Why did President Clinton send military troops to Bosnia?

1 Answer
Jun 23, 2016

Initially President Bill Clinton sent U.S. military troops to Bosnia on behalf of the North Atlantic Treaty Organization's (NATO's) peacekeeping efforts. Eventually he sent troops to uphold a peace treaty and protect peacekeepers.


Before I expound upon the actual incident I want to briefly disabuse a commonly held misconception about the North Atlantic Treaty Organization (NATO). NATO is not solely comprised of the United States, Canada, and Mexico (although the U.S. does provide the largest number of NATO personnel). NATO is comprised of every nation in Western Europe (with the exception of Austria and Switzerland [Mexico isn't a member either]) and Turkey.

Below is an image of the current NATO nations:

enter image source here
Image Courtesy of: Ssolbergj (Wikipedia User); Accessed from: en.wikipedia.org Reused under: CC BY 3.0

Without further ado, the incident:

The Socialist Federal Republic of Yugoslavia (I'll refer to it as "Yugoslavia") was essentially a smorgasbord of distinct ethnicities from its inception in 1945. Yugoslavia was divided into 6 ethnic regions called republics (kind of like states or provinces). A majority of the power was initially concentrated within each of the individual regions. In the late 1960s when the national government attempted to centralize power in nation's capital this generated resentment and unrest amongst the ethnic groups. In May of 1980, the 3-decade long leader of Yugoslavia, Josip Broz Tito, died from surgical complications. Tito was essentially the glue that held Yugoslavia together.

enter image source here
Image courtesy of: Slavic Cataloging Manual, Princeton University; Accessed from: http://library.princeton.edu/departments/tsd/katmandu/sgman/yugo.html; Reused under Public Domain

Above is an image of the ethinic regions in Yugoslavia circa 1991.

Nationalism, ethnic conflict, economic volatility, and frustration toward the government (due to the failures of political figures and international politics) caused everything to reach a fever-pitch. The relations between the regions deteriorated to the point where violent ethnic protest ran rampant while each region vied for greater autonomy and independence. Eventually the situation had devolved to the point where the regions were using their respective armies against each other.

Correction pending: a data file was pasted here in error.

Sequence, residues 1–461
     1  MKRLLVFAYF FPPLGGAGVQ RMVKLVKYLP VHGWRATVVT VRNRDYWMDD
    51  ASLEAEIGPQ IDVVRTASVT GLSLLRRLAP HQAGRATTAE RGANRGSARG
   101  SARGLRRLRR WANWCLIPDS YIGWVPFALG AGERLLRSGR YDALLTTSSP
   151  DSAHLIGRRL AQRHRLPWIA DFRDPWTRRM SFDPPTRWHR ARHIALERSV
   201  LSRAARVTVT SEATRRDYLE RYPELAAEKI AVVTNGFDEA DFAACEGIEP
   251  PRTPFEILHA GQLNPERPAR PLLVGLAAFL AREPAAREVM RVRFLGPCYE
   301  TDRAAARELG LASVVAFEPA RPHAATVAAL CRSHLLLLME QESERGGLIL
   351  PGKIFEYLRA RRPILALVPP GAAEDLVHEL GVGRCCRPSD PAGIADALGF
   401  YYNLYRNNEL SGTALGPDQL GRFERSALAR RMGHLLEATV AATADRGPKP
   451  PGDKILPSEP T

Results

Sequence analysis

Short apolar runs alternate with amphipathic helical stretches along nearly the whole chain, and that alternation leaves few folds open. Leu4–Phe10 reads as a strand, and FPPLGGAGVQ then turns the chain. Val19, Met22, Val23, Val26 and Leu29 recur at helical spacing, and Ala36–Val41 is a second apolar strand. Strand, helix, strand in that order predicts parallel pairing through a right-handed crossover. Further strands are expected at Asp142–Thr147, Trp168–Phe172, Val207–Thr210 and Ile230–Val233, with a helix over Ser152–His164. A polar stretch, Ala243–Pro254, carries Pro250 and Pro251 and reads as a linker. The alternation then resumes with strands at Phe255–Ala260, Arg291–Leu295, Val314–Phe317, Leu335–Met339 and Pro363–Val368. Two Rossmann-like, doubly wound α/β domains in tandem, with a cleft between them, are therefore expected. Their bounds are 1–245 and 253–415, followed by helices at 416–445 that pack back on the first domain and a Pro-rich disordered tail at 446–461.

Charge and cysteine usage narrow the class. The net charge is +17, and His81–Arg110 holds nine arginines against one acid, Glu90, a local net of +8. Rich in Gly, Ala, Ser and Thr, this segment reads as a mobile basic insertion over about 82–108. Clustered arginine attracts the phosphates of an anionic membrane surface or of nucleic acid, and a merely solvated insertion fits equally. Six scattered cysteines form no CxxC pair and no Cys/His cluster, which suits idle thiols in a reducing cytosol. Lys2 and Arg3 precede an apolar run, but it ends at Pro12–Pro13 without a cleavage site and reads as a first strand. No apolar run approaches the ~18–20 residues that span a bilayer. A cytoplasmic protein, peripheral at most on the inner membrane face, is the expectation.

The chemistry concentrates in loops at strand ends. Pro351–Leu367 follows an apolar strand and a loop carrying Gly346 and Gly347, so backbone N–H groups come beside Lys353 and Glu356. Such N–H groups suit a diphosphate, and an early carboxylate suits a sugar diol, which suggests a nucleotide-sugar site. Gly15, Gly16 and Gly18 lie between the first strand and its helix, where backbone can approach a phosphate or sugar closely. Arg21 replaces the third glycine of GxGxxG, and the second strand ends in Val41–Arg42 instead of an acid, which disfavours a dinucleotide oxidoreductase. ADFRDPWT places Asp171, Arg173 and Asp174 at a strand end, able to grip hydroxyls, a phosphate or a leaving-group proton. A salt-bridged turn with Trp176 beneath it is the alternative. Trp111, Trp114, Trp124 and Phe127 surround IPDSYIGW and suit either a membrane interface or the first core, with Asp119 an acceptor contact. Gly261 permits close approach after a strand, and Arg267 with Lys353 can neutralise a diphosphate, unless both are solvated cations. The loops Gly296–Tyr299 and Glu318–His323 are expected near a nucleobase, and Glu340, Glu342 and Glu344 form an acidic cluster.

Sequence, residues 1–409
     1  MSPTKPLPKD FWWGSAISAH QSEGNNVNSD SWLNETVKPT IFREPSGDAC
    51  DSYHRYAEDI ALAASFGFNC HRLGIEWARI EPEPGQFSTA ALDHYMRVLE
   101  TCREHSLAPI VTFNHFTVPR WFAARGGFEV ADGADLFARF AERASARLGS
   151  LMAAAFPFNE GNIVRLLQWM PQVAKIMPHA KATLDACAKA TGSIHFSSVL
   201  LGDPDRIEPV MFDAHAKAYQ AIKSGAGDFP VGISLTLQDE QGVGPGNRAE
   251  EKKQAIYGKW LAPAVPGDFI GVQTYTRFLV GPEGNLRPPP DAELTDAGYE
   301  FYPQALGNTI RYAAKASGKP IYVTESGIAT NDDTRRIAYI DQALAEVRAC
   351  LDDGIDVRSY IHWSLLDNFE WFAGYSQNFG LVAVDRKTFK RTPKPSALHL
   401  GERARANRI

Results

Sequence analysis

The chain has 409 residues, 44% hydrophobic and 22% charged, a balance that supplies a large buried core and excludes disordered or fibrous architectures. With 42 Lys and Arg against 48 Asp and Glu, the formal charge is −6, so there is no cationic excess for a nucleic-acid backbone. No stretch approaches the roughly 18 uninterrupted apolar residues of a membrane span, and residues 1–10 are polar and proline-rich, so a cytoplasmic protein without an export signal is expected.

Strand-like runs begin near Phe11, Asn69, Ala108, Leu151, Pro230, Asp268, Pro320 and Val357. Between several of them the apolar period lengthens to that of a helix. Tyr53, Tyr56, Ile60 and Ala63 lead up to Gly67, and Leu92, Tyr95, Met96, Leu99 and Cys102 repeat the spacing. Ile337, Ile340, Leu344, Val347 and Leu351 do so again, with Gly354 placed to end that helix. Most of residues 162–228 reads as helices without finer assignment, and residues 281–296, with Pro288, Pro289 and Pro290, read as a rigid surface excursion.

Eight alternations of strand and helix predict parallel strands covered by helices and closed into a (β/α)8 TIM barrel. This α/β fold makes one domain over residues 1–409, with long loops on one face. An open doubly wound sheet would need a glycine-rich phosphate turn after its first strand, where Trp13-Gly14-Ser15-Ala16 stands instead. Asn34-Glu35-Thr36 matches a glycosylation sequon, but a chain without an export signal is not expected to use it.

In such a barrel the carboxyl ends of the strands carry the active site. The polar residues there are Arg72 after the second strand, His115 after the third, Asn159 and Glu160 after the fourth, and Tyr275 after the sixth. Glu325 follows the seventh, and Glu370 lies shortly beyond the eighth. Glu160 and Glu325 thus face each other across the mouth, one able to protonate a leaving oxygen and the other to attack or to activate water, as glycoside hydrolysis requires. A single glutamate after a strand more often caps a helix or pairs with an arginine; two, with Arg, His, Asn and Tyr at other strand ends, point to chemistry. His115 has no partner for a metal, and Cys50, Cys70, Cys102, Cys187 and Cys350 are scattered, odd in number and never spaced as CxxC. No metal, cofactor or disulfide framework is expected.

In 1992 Bosnia and Herzegovina erupted into armed territorial conflict over independence from Yugoslavia causing Bosnia (and Herzegovina) to descend into war. In an effort to try to establish their own nation the Bosnians along with the Serbs attempted to overtake the capital of Yugoslavia in the Siege of Sarajevo which lasted the better part of three years (April 1992- February 1996; the longest siege of a capital city ever) and through the ethnic cleansing of Bosnian Muslims in 1995. This ethnic cleansing, which is also referred to as the Bosnian Genocide, transpired in an attempt to integrate disjointed regions of what the Serbs felt was their territory.

NATO was monitoring the situation in the weltering political climate that was Yugoslavia, just prior to the Bosnian Genocide. In February of 1992, as a symbolic gesture, NATO attempted to compel the combatants to allow United Nations (UN) peacekeepers into the region. The situation in Yugoslavia continued to deteriorate and by mid-July of the same year NATO and the UN Security Council agreed to place sanctions on the Yugoslavia, establishing a maritime blockade and a no-fly zone (at this point it was mainly just for show). In November the UN and NATO decided to increase the effectiveness of the sanctions stopping and searching all ships in Yugoslavia's waters and using fighter aircraft to prevent unauthorized planes from flying in the area. In 1993 NATO deployed ground forces (combatants, not peacekeepers this time) and authorized its ships and aircraft to provide military support. Things continued to grow worse and in 1994 NATO troops were fully engaged in combat roles such as airstrikes.

The conflict ended with the signing of the Dayton Accord. Prior to the signing of the Dayton Accord however the US sent its first non-NATO troops to Bosnia in an attempt to uphold the peace and once the Accord was signed make sure that all parties complied and to lay the groundwork (protect) for UN peacekeepers.

I hope this helps! I know it's long but this is the ultra spark-notes version.